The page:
Yakimono, grilled items, are great cheap bar snacks and the strongest section of the menu. My favorite was the pork belly. Crisp, moist, smoky, and fatty, it was augmented nicely by the hot pepper mix served with all the yakimono. I don't think I could eat here without ordering this. Meaty duck hearts were cooked perfectly so they stayed juicy. Beef loin was nice and rare. Slightly sweet, golden-brown rice balls (omochi) were crunchy outside, creamy inside, and a bit bland until spiked with a sprinkling of hot pepper and a squeeze of lemon. Tender honeycomb tripe was taken off the skewer and served in a bowl dressed with sauce. Chicken thigh was the least interesting of the batch, but still good. My one complaint is that the pieces of beef and tripe were so big they were hard to eat with chopsticks; next time I'll ask for a knife and fork.
Agemono, fried items, were a mixed bag. Fat onion rings in a thick Black Butte Porter beer batter were hot, crunchy, well seasoned, and great with the accompanying aioli and ponzu. The same thick batter didn't work nearly as well with mushrooms as a traditional thin tempura batter would have, though the hatcho miso offered as a dip was a clever idea. French fries sprinkled with shichimi (a Japanese spice mix that includes chileand sansho peppers, among other items) were nicely crisp. “Butternut squash tempura” is a grossly misleading description; the dish proved to be a deep-fried sushi roll with a cream-cheese center, the squash diced finely and mixed with the rice. Too bland by itself, it was made passable by a dip in the ponzu and a sprinkling of a mix of green tea and salt, but the dish was still disturbingly reminiscent of TGI Friday's.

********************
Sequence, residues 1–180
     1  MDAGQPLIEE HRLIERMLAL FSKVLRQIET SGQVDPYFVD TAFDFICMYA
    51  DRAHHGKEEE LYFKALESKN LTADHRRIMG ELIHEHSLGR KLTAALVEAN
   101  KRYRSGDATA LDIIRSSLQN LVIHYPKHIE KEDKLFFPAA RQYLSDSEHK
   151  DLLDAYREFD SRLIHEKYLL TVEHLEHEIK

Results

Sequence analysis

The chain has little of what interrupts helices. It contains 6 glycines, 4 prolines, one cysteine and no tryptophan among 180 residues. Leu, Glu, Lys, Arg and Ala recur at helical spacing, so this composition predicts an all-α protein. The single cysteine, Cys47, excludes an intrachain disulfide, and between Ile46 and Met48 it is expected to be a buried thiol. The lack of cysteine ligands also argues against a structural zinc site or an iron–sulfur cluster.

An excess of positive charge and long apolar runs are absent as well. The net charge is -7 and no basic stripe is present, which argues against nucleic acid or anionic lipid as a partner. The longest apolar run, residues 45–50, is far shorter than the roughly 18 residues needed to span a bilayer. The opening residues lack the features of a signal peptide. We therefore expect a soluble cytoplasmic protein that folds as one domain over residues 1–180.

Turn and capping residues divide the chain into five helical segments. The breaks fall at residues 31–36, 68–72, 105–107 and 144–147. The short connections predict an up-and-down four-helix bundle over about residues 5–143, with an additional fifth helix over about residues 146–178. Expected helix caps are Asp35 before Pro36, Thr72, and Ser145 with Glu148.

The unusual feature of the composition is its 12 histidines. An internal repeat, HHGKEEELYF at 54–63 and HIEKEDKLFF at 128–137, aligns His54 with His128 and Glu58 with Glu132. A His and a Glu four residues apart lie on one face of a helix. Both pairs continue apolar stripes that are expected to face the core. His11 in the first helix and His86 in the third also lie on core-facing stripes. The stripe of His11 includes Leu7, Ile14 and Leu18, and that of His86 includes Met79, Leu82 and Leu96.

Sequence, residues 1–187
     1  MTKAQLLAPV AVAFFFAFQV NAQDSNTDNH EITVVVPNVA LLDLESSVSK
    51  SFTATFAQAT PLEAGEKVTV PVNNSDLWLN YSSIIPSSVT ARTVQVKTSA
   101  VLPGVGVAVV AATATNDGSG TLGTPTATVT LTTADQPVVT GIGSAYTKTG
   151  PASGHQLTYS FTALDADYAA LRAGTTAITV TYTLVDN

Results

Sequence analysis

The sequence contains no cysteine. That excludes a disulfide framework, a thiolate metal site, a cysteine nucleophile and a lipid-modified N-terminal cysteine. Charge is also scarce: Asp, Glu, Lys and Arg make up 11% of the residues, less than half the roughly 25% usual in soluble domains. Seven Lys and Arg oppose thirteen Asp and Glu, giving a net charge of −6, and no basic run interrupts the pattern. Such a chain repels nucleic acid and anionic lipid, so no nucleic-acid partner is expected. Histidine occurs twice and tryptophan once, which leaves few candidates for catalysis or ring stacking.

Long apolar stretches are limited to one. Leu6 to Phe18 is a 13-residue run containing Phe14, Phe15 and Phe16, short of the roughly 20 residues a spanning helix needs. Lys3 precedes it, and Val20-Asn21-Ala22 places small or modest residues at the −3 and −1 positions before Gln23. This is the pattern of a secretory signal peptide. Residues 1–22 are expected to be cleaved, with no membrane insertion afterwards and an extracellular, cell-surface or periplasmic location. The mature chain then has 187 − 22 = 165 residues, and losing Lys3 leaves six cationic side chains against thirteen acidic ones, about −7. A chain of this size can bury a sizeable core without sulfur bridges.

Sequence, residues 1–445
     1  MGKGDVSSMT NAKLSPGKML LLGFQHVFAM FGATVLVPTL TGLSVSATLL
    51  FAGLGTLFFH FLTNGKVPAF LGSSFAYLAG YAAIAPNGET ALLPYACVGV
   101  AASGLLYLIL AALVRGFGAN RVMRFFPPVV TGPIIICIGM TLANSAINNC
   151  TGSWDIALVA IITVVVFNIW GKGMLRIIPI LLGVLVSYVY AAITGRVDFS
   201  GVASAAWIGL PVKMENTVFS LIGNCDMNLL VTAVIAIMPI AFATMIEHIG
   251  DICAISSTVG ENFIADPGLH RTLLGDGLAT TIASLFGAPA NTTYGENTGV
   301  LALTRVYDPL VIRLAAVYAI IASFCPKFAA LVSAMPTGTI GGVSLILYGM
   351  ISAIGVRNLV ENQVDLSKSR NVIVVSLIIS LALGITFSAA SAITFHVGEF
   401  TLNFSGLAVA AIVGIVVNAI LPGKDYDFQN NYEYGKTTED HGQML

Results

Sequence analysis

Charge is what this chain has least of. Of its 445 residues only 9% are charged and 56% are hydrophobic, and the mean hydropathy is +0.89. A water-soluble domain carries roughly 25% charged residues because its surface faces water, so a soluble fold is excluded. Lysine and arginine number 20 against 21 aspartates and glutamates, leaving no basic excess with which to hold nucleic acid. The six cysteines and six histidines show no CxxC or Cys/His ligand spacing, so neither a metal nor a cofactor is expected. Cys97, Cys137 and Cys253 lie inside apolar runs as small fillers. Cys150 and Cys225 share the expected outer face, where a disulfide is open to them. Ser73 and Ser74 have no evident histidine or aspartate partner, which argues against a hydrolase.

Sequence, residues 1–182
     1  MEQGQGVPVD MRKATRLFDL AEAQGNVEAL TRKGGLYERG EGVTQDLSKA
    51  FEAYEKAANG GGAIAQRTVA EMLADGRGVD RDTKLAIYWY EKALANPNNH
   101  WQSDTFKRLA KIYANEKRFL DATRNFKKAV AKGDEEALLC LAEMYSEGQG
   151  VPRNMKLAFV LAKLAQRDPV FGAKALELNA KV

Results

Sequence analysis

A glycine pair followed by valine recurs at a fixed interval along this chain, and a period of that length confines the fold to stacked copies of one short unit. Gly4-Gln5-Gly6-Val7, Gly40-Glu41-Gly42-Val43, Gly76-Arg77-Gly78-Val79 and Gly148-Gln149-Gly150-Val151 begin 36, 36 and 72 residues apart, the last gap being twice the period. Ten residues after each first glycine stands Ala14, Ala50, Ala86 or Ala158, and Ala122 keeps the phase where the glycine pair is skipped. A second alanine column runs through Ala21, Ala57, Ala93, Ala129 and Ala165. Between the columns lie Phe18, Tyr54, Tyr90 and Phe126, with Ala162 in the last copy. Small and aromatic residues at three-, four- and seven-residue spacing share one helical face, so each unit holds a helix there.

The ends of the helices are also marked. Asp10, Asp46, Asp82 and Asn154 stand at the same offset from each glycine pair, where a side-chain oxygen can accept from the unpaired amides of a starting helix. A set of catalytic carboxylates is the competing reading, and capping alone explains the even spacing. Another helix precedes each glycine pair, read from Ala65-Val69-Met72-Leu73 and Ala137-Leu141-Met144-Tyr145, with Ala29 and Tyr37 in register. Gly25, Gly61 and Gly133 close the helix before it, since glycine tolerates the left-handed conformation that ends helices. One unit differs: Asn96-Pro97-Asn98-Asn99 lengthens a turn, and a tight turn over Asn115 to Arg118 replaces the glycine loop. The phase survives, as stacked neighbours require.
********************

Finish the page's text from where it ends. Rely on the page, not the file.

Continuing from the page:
Fancy “cold shared plates” took the place of what in a more traditional izakaya would be sashimi. Five small slices of saba (cured mackerel, laid on a bed of thinly sliced cucumber and red and yellow beets, and topped with grated ginger and wasabi), were beautifully presented on a long, rectangular glass plate, but $13 seemed a steep price for less fish than I got last week in a single order of saba nigiri sushi. Seared albacore with tonnato sauce (tuna mayonnaise) and a salad of mizuna and shaved bottarga was more food and better value, but the dry fish was not as good a match for the tonnato as the grilled beef.